Politico is reporting that Senate Majority Leader Harry Reid (D., Nev.) has tapped Sens. Patty Murray (D., Wash.), Max Baucus (D., Mont.), and John Kerry (D., Mass.) to serve on the deficit super-committee this fall. The 12-member panel, consisting of three members from each caucus, will be tasked with putting forward a plan to cut the deficit by at least $1.5 trillion (over ten years) by November 23. Any proposal the committee comes up with will need at least seven votes to be sent to Congress. Failure to reach an agreement would trigger a round of deep spending cuts (about $1.2 trillion worth), split evenly between discretionary and defense programs.
Murray, who is expected to co-chair the committee, serves in Senate leadership and is a senior member on the Senate Budget Committee. She is also currently chairing the Democratic Senatorial Campaign Committee, which is certain to raise a few eyebrows. Baucus chairs the Senate Finance Committee, and served on the Bowles-Simpson deficit commission, but was the only sitting senator to vote against the commission’s final recommendations. Kerry is chairman of the Senate Foreign Relations Committee.
Notably, none of Reid’s appointees are members of the Gang of Six, the bipartisan group of lawmakers who have spent months working on a $4 trillion deficit-reduction plan, which despite being embraced by President Obama (with questionable sincerity) and receiving a relatively warm reception in the Senate, never really got off the ground.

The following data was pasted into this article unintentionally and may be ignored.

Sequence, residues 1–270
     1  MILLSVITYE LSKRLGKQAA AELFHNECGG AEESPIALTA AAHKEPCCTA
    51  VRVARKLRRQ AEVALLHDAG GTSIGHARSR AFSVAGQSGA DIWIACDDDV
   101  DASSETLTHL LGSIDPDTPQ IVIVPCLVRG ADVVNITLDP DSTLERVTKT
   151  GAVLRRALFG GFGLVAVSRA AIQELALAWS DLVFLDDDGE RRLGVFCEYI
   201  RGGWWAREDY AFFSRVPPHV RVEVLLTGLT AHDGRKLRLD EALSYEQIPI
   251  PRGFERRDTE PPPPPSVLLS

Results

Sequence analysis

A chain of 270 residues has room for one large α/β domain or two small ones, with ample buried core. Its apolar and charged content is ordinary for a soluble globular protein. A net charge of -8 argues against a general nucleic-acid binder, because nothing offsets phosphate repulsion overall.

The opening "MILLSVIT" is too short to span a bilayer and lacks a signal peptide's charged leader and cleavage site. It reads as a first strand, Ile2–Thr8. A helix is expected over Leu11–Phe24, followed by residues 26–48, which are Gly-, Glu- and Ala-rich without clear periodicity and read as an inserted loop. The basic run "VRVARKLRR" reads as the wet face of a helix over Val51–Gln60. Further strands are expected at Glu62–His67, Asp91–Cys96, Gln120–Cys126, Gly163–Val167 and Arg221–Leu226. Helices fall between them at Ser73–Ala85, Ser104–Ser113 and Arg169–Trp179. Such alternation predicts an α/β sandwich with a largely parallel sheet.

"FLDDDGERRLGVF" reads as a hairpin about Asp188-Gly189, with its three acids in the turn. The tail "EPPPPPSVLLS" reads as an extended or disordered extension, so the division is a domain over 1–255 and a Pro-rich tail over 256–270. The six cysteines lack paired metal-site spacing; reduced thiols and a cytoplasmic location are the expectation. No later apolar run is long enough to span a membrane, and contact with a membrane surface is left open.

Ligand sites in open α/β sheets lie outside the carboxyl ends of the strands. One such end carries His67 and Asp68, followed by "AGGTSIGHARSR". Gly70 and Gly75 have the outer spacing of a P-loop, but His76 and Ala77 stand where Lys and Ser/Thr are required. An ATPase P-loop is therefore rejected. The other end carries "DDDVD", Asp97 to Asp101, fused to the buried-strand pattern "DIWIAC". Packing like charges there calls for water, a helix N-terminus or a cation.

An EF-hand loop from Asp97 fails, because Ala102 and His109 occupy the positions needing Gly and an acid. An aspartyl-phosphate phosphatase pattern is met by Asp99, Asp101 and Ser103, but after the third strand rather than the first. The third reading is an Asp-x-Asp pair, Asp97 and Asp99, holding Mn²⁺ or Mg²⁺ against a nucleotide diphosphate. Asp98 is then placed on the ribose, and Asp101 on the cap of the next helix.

Senate Minority Leader Mitch McConnell (R., Ky.), House Speaker John Boehner (R., Ohio), and House Minority Leader Nancy Pelosi (D., Calif.) have yet to announce their selections, but have until August 16 to do so.
Reid and Pelosi had been considering whether to install candidates who will draw a hard-line against deep entitlement cuts, particularly if Republicans don’t bend on new taxes. The Democratic leaders want loyalists who won’t give the panel majority support for a cuts-only approach, which could target popular programs like Medicare and Social Security.
“The number one critiera should be someone who fights for revenues and if Republicans continue to rule out revenues, then the Democrats have to play proper defense in response,” said a senior Democratic aide.
In an email sent to her colleagues Monday evening, Pelosi said her caucus was committed to “protecting” Medicare, Medicaid and Social Security – and said that the new panel should deliberate in public settings so that it achieves a “balanced” approach to deficit reduction.
“Many of you have expressed your interest in serving on the Joint Committee,” Pelosi told her colleagues. “I have and will be reaching out to each of you before making any decision.”